Along with updates to Google Assistant, Lens, Gmail and just about every app with the word Google before it, there was one unveiled at I/O that isn’t about enhancing Google’s ecosystem of services. In fact, it’s about using all of them less.
Baked deeply into Android P is a set of tools Google is calling Digital Wellbeing, and it’s all about balancing your digital life with your real-world one. Through a series of settings, options, and features, Google wants Android P to be the least-used version of Android, and it just might make us love our phones even more.
The bitter truth about app usage
The premier feature of the new initiative is Android Dashboard, which provides a snapshot of your daily usage, not unlike the Battery tab in Android Oreo. But instead of showing you which apps are causing your battery to drain, the screen will show you exactly how long you’ve used your phone each day, as well as the apps that have gobbled up the most of your time. Think of it as nutritional labeling for phone addicts.
Among the data presented on the exhaustive Android Dashboard is how many notifications you’ve received, and how long you’ve used each app on a daily and hourly basis. When confronted with all these details, you’ll likely be shocked by just how many hours you’ve been staring at your phone’s screen—and that’s the point. And the reports extend beyond your phone. For example, your entire YouTube watch time will be collected, whether you’ve been playing videos on your phone or a PC.
It’s a bold strategy for a company that makes phones and apps. While cigarette makers have a long history in fighting regulations designed to warn customers about the harm their products cause, Google is voluntarily sharing potentitally alarming information directly on our devices. As Google explains it, the Digital Wellbeing initiative is a response to customer concern, and not any attempt to get ahead of regulators.
Curbing addiction one app at a time
But the Android Dashboard is just the beginning. Google is also giving us the tools to help curb our smartphone addictions, with new features and settings designed to force us out of apps and into the real world. Google CEO Sundar Pichai even coined an acronym about it: JOMO, or joy (not fear) of missing out.
To help users put down their phones, Google has built new controls into Android P to manage how and when you use your phone, including app timers (so if you’re using a specific app for more than, say, 30 minutes, you’ll get a warning), and automatic enabling of Do Not Disturb when you rest your phone face-down on a table. The Do Not Disturb button is also way more powerful, removing all notifications from your phone when it’s switched on, even ones you’ve already received.
It’s a stark contrast to Apple’s overall lack of parental controls in iOS X. The iPhone maker was taken to task earlier this year for ignoring smartphone addiction in kids, something that Google already tackled with its Family Link app. The Digital Wellbeing initiative is very much a preemptive strike against iOS 12, which is expected to include some form of controls to limit kids’ screen time. Unless Apple does something similar to what Google has implemented in Android P—which seems unlikely—it won’t be enough.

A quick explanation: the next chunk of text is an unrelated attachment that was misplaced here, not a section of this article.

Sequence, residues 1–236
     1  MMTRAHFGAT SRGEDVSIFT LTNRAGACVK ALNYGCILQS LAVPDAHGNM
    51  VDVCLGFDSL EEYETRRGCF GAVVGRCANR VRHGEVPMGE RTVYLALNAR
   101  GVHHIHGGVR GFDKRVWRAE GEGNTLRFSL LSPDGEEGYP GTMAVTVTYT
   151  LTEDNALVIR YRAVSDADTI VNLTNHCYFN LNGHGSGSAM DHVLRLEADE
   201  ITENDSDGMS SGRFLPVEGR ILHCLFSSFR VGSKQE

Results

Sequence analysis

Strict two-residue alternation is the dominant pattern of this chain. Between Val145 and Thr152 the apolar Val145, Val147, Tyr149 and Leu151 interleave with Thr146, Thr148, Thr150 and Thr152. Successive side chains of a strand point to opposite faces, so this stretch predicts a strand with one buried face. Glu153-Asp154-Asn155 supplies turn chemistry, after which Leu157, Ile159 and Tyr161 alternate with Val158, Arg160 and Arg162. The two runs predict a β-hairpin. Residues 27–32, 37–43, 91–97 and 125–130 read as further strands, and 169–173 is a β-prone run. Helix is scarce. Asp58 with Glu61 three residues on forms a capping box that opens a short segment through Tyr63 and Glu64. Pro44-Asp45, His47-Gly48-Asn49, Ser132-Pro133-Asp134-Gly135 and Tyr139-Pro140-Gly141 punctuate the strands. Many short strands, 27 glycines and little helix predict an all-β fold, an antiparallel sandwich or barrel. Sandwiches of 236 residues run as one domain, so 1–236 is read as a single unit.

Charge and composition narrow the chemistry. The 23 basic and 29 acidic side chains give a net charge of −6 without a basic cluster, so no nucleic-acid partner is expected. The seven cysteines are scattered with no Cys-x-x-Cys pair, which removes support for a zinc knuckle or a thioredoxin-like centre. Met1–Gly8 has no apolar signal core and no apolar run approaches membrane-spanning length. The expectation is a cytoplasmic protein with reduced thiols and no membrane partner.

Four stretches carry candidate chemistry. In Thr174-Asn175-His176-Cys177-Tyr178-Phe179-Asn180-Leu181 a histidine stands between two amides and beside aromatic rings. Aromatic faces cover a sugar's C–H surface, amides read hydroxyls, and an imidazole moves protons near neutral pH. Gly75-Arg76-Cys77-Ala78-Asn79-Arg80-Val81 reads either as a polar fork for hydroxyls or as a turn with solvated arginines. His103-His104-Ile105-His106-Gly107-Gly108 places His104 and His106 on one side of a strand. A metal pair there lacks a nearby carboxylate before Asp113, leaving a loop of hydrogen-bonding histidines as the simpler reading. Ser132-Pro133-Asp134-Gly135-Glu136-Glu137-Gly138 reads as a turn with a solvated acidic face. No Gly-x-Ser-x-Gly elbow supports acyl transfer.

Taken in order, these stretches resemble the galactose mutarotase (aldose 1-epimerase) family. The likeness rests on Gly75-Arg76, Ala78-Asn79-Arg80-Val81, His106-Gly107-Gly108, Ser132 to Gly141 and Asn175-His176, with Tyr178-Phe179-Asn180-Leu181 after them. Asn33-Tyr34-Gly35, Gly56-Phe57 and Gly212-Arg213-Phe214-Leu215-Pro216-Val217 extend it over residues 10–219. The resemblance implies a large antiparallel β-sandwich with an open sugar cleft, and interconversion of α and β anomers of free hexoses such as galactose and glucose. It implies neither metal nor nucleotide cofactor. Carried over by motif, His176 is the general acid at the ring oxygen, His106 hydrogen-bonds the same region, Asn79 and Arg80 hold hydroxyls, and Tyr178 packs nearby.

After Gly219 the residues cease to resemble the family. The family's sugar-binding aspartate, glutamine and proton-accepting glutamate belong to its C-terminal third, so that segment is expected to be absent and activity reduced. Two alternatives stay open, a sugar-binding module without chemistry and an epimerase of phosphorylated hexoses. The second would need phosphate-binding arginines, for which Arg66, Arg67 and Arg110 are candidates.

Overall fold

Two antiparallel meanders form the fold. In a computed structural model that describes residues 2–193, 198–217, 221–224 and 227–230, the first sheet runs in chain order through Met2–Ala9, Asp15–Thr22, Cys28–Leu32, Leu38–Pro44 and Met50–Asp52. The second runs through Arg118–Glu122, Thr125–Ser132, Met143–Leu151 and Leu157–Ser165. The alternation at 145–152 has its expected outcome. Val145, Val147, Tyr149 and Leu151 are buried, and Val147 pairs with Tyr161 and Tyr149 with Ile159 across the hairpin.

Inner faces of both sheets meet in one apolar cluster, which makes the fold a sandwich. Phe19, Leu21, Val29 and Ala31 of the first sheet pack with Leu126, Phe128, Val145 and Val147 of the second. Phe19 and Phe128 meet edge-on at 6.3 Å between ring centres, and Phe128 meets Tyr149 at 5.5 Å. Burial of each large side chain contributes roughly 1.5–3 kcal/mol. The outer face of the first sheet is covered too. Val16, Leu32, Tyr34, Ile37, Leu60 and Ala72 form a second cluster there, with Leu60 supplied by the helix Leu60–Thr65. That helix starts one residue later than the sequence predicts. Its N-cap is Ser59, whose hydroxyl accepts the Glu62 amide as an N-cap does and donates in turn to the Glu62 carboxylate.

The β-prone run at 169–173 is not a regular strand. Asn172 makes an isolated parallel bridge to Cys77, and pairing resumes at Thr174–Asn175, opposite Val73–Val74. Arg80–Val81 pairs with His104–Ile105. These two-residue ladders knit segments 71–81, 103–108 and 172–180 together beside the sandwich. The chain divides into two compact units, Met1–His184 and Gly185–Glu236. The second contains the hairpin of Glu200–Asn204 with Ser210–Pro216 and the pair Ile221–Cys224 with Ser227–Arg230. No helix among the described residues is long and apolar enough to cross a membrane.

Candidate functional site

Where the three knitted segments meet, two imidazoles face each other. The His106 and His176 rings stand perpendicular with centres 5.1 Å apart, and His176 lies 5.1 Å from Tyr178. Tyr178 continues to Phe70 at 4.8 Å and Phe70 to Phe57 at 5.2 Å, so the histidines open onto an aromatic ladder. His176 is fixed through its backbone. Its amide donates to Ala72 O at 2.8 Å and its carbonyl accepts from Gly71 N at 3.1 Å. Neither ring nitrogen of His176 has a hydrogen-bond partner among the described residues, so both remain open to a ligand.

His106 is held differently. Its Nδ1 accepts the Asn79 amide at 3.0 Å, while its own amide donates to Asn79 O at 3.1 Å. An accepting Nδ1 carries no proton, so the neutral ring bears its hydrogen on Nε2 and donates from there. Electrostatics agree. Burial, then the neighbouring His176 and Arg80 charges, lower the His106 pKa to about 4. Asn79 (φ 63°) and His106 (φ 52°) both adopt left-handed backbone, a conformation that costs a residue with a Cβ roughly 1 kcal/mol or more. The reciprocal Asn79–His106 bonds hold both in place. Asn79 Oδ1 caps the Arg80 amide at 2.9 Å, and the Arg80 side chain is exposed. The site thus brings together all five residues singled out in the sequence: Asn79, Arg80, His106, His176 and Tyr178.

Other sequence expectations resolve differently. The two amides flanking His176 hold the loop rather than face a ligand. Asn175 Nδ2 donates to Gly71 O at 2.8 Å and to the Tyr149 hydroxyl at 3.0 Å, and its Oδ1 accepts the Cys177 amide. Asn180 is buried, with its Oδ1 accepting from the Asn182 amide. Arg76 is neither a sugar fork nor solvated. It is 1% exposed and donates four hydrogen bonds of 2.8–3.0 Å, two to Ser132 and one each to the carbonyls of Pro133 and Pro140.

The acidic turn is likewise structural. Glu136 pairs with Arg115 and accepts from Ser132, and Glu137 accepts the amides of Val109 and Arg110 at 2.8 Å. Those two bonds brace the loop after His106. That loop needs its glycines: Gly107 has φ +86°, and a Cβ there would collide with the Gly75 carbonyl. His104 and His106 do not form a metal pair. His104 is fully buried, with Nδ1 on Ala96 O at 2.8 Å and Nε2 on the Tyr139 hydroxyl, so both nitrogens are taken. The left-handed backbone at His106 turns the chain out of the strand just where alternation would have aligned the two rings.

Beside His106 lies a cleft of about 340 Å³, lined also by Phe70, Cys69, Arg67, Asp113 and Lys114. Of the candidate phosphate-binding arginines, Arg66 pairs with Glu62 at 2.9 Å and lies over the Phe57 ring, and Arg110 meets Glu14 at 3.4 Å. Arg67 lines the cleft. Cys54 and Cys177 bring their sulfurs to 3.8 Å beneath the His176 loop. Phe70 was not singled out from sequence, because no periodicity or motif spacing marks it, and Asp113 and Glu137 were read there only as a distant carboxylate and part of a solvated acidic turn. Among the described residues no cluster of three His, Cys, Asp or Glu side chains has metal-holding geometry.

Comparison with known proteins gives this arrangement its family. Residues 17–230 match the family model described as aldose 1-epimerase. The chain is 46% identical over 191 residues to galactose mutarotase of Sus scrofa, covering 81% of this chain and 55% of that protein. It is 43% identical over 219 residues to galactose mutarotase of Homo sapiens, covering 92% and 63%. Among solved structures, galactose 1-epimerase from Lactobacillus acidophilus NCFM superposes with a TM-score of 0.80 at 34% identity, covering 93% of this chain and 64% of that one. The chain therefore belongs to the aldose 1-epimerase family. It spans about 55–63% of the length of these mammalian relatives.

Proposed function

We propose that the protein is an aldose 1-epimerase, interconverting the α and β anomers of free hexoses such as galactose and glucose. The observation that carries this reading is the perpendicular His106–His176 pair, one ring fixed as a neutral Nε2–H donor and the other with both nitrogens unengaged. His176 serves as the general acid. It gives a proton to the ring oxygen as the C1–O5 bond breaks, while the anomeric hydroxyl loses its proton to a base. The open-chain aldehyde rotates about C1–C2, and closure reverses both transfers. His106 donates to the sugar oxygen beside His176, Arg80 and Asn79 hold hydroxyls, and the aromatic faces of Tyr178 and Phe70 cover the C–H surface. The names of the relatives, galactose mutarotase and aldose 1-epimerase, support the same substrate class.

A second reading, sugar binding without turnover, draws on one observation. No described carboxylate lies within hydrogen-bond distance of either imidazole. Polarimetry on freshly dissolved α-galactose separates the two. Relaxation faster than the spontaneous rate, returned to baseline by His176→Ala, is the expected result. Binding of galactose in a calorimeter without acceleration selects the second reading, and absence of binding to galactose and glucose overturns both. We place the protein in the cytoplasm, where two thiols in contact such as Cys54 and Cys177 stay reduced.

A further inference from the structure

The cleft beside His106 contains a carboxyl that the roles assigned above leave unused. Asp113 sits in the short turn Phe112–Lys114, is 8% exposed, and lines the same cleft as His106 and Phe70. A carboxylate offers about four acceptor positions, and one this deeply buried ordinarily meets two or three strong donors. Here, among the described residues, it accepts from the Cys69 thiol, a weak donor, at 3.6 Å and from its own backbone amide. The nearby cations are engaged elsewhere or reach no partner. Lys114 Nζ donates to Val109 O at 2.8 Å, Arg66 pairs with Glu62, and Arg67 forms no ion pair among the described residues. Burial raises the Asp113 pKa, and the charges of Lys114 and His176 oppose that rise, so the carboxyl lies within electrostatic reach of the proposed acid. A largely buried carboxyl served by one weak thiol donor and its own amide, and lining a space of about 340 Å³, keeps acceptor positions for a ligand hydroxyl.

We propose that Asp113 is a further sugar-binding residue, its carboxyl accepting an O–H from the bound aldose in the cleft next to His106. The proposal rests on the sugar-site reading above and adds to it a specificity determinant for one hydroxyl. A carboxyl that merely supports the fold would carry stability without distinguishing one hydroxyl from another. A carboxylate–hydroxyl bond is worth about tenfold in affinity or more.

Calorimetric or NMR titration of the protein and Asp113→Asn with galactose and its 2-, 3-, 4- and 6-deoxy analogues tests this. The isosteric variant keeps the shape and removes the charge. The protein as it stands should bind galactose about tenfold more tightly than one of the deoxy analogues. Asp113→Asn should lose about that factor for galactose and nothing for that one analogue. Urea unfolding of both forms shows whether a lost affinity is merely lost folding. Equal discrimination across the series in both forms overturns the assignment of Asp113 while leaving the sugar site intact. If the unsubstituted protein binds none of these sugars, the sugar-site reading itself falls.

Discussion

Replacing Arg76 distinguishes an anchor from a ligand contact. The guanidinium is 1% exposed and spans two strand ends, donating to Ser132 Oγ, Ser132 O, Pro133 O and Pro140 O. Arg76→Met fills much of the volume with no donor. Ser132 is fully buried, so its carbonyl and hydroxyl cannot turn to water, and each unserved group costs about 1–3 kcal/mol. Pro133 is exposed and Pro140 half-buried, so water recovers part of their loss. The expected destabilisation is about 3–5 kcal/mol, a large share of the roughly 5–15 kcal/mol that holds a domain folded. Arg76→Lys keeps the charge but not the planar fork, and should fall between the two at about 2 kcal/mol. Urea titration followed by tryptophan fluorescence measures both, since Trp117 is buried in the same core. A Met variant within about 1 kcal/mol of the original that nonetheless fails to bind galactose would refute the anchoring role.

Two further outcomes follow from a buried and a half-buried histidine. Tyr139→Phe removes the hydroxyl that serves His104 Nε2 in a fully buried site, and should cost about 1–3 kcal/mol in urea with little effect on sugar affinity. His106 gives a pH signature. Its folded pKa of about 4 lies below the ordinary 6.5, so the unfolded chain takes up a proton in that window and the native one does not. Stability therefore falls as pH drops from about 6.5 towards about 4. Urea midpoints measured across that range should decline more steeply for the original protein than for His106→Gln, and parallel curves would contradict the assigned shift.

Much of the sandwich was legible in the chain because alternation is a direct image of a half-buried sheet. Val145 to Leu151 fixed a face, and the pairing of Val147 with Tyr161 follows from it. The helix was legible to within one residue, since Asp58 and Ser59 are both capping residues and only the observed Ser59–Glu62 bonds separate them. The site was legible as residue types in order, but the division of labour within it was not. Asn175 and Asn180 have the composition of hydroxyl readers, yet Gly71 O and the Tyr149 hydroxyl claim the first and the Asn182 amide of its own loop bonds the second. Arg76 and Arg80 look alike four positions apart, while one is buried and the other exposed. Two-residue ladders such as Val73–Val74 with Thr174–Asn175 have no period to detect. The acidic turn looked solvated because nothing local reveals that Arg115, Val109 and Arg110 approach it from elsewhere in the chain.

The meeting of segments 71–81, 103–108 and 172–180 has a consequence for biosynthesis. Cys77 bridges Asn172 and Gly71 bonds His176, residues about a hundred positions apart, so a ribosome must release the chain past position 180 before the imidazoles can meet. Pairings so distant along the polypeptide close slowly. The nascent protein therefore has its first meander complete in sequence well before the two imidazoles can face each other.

Turning mindless interactions into meaningful ones
Google is making a statement to Apple and everyone else with Digital Wellbeing in Android P: Smartphone addiction isn’t just a problem that affects kids. I already know that I’m going to be horrified when I see my daily phone stats in Android Dashboard, but a visual representation of how much time I’m devoting to my screen might spur me to set some personal limits on my phone. It’s like if Marlboro started handing out nicotine patches with every carton of cigarettes—lots of people would try them out even if they didn’t plan to fully quit smoking.
Google’s plan with Digital Wellbeing isn’t just to make us appreciate life outside our screens, it’s also to make the interactions with our phones more meaningful. Our days are filled with dozens of meaningless interactions with our phones—unimportant notifications, mindless social media checks, time-killing games—and Google wants to help us cut all of that out of our life, if we decide to opt in. It’s not so much about using out phones less, but concentrating the time we spend with them into the things that are most important.
And that extends to the biggest detriment to our well-being of all: late-night phone use. With a feature called Wind down, Android P phones will fade to grayscale at the end of the day and turn on Do not disturb at bedtime, so we’ll be less tempted to get lost in a YouTube hole when we’re supposed to be sleeping. It’s just one more way Google is encouraging us to balance our lives and restore some sanity to our digital mental health.
During the I/O keynote, Pichai said Digital Wellbeing was a “deep ongoing effort” that extends beyond the walls of Google’s labs. It’s a four-pronged plan that deeply involves the user in order to understand our habits, focus on what happens, switch off, and find balance for our families. And it just might make us appreciate our phones even more too.